Robotics & Automation News

Market trends and business perspectives

hyundai robot computer image semyung

South Korean government to expand robotics and automation sector to $6 billion

The South Korean government has decided to invest significant resources into expanding the country’s production of industrial robotics and automation systems so that it’s worth $6.15 billion by 2022.

This is according to, which says the plan is intended to increase the number of small and mid-size robot makers with sales of more than $46 million to 25.

The report says government-backed organisations, academic and research institutions, as well as private enterprise will take part in the new initiative. 

In particular, the group will “aggressively promote” collaborative robots because such machines are increasingly being used in a wide variety of industrial businesses.

As well as finding a place in industrial operations which have always used robots, cobots are proving popular with smaller manufacturers who may never have used robots before.

South Korea’s “Intelligent Robot Industry Development Strategy” is being led by the Ministry of Trade, Industry and Energy.

South Korea is estimated to be utilising more robots per thousand employees in industry than any other country – something called “robot density”.

Currently, the South Korean industrial robot market is valued at around $4 billion, and the government wants to increase that figure to more than $6 billion.

Similar initiatives in support of the robotics industry have been introduced in many countries, including China, the US, and Japan.

China’s “Made in China” plan has already resulted in more than 100,000 robots being manufactured in the country last year.

This is from starting point of having little or no robotics and automation systems manufacturing base previously.

China’s quick pace is leading to big robot-making nations such as South Korea and Japan to increase their investment and activity in an effort to stay ahead.

Further afield geographically, in the US, the government has invested $225 million into its robotics activity, mainly into collaborative robots, according to Business Korea.

Moreover, the current administration of President Donald Trump is a big supporter of the manufacturing sector, where most robots are used.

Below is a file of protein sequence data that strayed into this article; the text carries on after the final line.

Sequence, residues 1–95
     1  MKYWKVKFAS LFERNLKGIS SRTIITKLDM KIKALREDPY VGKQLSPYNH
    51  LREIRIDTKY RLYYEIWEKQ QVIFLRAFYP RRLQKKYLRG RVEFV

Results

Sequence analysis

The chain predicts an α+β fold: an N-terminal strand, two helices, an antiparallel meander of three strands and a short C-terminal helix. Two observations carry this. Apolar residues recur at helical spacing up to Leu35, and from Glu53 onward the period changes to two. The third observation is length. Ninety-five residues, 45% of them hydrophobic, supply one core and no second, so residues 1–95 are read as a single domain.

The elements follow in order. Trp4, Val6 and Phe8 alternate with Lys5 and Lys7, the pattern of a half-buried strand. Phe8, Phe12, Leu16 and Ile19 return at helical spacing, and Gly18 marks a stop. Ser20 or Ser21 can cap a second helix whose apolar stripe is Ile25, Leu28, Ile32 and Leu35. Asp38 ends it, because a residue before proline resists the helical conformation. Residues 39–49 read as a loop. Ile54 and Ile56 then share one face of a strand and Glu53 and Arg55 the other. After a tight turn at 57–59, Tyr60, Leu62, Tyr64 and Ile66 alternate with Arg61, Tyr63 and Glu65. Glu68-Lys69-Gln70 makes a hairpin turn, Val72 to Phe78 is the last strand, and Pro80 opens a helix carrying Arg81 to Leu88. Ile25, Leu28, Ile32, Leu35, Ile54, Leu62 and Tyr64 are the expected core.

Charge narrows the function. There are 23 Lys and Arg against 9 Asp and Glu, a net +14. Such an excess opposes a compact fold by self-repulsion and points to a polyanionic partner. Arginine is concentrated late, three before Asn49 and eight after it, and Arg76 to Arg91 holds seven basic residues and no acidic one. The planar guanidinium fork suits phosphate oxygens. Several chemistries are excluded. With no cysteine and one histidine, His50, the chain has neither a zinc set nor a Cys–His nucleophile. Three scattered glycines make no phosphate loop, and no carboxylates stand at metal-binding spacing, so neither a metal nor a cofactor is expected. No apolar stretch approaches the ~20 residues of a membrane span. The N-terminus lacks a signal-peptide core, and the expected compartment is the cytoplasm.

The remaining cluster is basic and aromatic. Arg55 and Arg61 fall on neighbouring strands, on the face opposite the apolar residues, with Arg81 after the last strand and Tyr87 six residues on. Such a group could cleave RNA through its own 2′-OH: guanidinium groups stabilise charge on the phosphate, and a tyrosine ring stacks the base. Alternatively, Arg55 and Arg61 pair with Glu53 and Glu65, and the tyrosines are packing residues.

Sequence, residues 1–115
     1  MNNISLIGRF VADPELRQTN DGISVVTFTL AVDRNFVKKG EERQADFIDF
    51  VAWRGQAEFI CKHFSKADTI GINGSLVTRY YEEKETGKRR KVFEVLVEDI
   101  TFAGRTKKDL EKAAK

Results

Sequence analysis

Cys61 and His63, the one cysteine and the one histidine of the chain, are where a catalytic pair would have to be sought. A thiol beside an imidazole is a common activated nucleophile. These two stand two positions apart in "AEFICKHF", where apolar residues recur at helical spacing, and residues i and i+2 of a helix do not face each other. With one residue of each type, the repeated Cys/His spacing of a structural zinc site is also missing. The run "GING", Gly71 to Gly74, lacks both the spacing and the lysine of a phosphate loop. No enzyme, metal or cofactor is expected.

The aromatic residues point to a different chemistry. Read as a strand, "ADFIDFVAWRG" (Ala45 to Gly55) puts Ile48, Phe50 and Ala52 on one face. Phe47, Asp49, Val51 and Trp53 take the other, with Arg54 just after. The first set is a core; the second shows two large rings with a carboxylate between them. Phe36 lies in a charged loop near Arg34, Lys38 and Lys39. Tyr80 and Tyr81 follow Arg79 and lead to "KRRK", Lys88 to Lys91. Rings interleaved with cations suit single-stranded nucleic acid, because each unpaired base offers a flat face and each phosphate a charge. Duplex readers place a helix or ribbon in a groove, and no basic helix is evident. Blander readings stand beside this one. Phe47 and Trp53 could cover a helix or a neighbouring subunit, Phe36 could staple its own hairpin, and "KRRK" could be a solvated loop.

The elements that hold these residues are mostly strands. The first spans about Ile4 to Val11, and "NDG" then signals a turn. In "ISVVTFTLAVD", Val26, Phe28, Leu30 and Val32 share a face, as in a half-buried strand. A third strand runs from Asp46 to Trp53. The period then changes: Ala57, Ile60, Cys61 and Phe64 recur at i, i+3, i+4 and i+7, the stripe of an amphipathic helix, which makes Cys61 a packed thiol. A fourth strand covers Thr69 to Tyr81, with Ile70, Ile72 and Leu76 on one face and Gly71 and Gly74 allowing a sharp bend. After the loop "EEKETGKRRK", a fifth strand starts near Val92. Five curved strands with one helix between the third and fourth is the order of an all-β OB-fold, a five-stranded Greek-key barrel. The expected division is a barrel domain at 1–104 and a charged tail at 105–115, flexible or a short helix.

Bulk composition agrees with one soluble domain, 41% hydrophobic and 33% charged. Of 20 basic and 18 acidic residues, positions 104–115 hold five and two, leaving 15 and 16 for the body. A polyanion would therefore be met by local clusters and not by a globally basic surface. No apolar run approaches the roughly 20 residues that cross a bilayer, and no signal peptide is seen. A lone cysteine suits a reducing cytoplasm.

The general belief is that robotics and automation technology will strengthen the US manufacturing base by making it more competitive.

According to a recent report by the Boston Consulting Group, collaborative robots are helping to prevent manufacturing turning to foreign countries which have lower labour costs.

In fact, some companies are “reshoring”, or bringing manufacturing operations back to the US.

The BCG report says: “The share of executives saying that their companies are actively reshoring production increased by 9 per cent since 2014 and by about 250 per cent since 2012.

“This suggests that companies that were considering reshoring in the past three years are now taking action.”

Japan, meanwhile, is said by Business Korea to be investing about $270 million into its “New Robot Strategy”, and Prime Minister is said to be fanatical about robots, even floating the idea of a “Robot Olympics” and promoting the “Robot Revolution” at a recent G7 Summit.

Along with expanding the productivity and revenues of the robotics and automation industry, the South Korean government is looking to increase employment in the sector from the current 29,000 to 36,000.

The largest South Korean industrial robotics company is probably Hyundai Heavy Industries, a massive conglomerate which builds ships among other massive things.

Hyundai last year made its robotics division a standalone business unit so it can more freely compete with Japanese giants such as Fanuc, Yaskawa Motoman, and Kawasaki.

Hyundai says it aiming for a place among the top five industrial robot makers in the world. At the moment, the world’s largest industrial robot maker is Fanuc, with more than 400,000 robots installed worldwide.

But the market is seeing many new entrants, especially in the collaborative robots segment. Here is a list of 30 industrial robot companies you might want to know about.

Kuka, which was acquired by Chinese company Midea last year, and ABB are also among the big companies competing for a larger share of the growing industrial robotics and automation market within Asia and around the world.